In the first season finale of The X-Files, "The Erlenmeyer Flask", Mulder was taken hostage by a group of Men in Black operatives, following his investigation into an alien-human hybrid program. Fearing for Mulder's life, Deep Throat helped Scully gain access to a high containment facility, where she managed to secretly remove a cryogenically-preserved alien fetus for use as collateral in saving Mulder. In the subsequent meeting between the operatives and Deep Throat, he was gunned down by an assassin, the Crew Cut Man.[13][14] Deep Throat was buried at the Arlington National Cemetery.[15][16] The character later appeared in dreams and visions experienced by Mulder during his recuperation on a Navajo reservation,[17][18] and again years later while being experimented on by The Smoking Man.[19]

Reception[edit]

The character of Deep Throat has been well received by critics and fans. Entertainment Weekly described Hardin's performance as "world-weary and heavyhearted",[20] and listed his appearance in the character's eponymous début episode as the 37th greatest television moment of the 1990s.[21] However, they felt at times that his presence in episodes such as "Ghost in the Machine" seemed "gratuitous".[22] Reviewing the character's début episode, the San Jose Mercury News called Deep Throat "the most interesting new character on television".[23] Chris Carter has stated that Hardin's performance gave the series an element of "believability" that it needed;[24] and felt that the episode "E.B.E." was a great opportunity to expand the character's role.[7] Writing for the A.V. Club, Zack Handlen called Deep Throat's death "a shocking moment, even when you know it's coming", praising the "desperation" evident in Hardin's performance, although lamenting the "curse of continuity" that led to the character being quickly replaced with Steven Williams' X.[25] Ben Rawson-Jones, writing for Digital Spy, felt that Deep Throat's tenure on The X-Files was "arguably the show's peak", and praised Hardin's acting in the role.[26] Brian Lowry, in his book The Truth Is Out There, has noted that the character "helped establish a tone and undercurrent of gravity on The X-Files that was to provide the spine of the series".[27]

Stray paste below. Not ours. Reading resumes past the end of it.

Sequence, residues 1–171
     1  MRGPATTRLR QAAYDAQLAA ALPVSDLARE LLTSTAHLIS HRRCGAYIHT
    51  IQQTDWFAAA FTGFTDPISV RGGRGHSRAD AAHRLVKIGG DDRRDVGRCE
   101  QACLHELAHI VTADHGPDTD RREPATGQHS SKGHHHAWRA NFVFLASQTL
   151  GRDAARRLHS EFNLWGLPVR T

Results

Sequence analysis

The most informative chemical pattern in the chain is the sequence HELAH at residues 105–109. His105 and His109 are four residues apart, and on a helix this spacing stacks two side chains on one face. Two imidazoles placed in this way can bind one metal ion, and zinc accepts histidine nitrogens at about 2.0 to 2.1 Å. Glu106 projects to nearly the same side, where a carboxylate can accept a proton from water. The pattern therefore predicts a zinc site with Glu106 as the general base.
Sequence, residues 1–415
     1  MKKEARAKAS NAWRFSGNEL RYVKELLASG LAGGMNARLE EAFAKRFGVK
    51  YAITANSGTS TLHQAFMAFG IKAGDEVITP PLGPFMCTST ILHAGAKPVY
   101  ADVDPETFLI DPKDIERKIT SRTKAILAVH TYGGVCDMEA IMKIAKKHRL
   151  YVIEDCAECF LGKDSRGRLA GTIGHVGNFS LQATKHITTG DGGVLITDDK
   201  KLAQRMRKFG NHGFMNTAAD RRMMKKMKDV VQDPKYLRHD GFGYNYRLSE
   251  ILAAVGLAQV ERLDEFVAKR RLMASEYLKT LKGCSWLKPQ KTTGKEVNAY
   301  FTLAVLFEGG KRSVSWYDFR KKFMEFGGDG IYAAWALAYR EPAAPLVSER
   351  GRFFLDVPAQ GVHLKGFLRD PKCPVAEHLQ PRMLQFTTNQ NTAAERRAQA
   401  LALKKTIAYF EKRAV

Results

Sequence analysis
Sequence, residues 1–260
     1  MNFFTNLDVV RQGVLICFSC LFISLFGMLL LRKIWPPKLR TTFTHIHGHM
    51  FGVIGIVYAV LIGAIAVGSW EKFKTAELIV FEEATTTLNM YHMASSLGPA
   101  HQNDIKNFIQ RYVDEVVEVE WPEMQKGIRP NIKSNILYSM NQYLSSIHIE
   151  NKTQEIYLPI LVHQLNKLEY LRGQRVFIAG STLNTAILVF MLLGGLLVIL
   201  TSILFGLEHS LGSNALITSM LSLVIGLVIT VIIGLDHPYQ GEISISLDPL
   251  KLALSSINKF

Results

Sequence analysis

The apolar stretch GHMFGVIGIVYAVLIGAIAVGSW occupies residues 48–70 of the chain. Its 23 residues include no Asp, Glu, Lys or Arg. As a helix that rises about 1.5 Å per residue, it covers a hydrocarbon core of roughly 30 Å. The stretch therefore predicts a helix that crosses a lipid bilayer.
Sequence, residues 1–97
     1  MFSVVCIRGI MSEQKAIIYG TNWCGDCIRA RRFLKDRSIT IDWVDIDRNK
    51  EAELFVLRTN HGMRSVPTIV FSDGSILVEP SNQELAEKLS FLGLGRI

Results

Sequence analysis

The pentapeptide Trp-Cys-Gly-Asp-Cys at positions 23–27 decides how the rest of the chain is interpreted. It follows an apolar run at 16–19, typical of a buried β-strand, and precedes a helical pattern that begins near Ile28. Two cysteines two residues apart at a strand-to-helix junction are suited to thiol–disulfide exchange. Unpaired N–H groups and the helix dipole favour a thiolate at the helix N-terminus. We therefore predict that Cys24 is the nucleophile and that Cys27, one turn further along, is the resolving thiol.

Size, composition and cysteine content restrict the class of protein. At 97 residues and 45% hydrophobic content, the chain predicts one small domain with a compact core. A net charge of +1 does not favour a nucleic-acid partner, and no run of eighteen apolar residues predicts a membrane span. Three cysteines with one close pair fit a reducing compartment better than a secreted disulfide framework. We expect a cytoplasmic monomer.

Footnotes[edit]

  1. ^ a b c Edwards, p. 37
  2. ^ Woodward and Bernstein, p. 71
  3. ^ O'Connor, John D. (May 31, 2005). "I'm the Guy They Called Deep Throat | Politics". Vanity Fair. Retrieved December 30, 2011. 
  4. ^ Oliver Stone (director) (December 20, 1991). "JFK". Warner Bros..
  5. ^ a b Lovece, p. 27
  6. ^ Lovece, pp. 27–28
  7. ^ a b Edwards, p. 54
  8. ^ Edwards, p. 242
  9. ^ Larry Shaw (director); Howard Gordon & Alex Gansa (writers) (November 19, 1993). "Fallen Angel". The X-Files. Season 1. Episode 9. Fox.
  10. ^ Lowry, pp. 123–124
  11. ^ a b William Graham (director); Glen Morgan & James Wong (writers) (February 18, 1994). "E.B.E.". The X-Files. Season 1. Episode 17. Fox.
  12. ^ Lowry, pp. 138–139
  13. ^ R.W. Goodwin (director); Chris Carter (writer) (May 13, 1994). "The Erlenmeyer Flask". The X-Files. Season 1. Episode 24. Fox.
  14. ^ Lowry, pp. 155–156
  15. ^ David Nutter (director); Glen Morgan & James Wong (writers) (September 16, 1994). "Little Green Men". The X-Files. Season 2. Episode 1. Fox.
  16. ^ Lowry, pp. 161–162
  17. ^ R.W. Goodwin (director); Chris Carter (writer) (September 22, 1995). "The Blessing Way". The X-Files. Season 3. Episode 1. Fox.
  18. ^ Lowry, pp. 231–233
  19. ^ Michael Watkins (director); Chris Carter & David Duchovny (writers) (November 14, 1999). "The Sixth Extinction II: Amor Fati". The X-Files. Season 7. Episode 2. Fox.
  20. ^ "X Cyclopedia: The Ultimate Episode Guide, Season 1". Entertainment Weekly. November 29, 1996. Retrieved December 21, 2011. 
  21. ^ Bruce Fretts (February 19, 1999). "The 100 Greatest Moments in Television: 1990s | TV | EW.com". Entertainment Weekly. Retrieved December 21, 2011. 
  22. ^ "X Cyclopedia: The Ultimate Episode Guide, Season 1". Entertainment Weekly. November 29, 1996. Retrieved December 29, 2011. 
  23. ^ "The 'X-Files' Informant is Out There, Speaking on All Kinds of Levels". San Jose Mercury News. November 19, 1993. Retrieved April 30, 2011. 
  24. ^ Chris Carter (narrator). Chris Carter Speaks about Season One Episodes: E.B.E. The X-Files: The Complete First Season (DVD) (Fox). 
  25. ^ Handlen, Zack (August 8, 2008). ""Born Again/Roland/The Erlenmeyer Flask" | The X-Files/Millennium | TV Club | TV | The A.V. Club". The A.V. Club. Retrieved December 21, 2011. 
  26. ^ Rawson-Jones, Ben (April 21, 2007). "Cult Spy Icon #2: Deep Throat - 'The X Files' - US TV News". Digital Spy. Retrieved December 21, 2012. 
  27. ^ Lowry, p. 91

References[edit]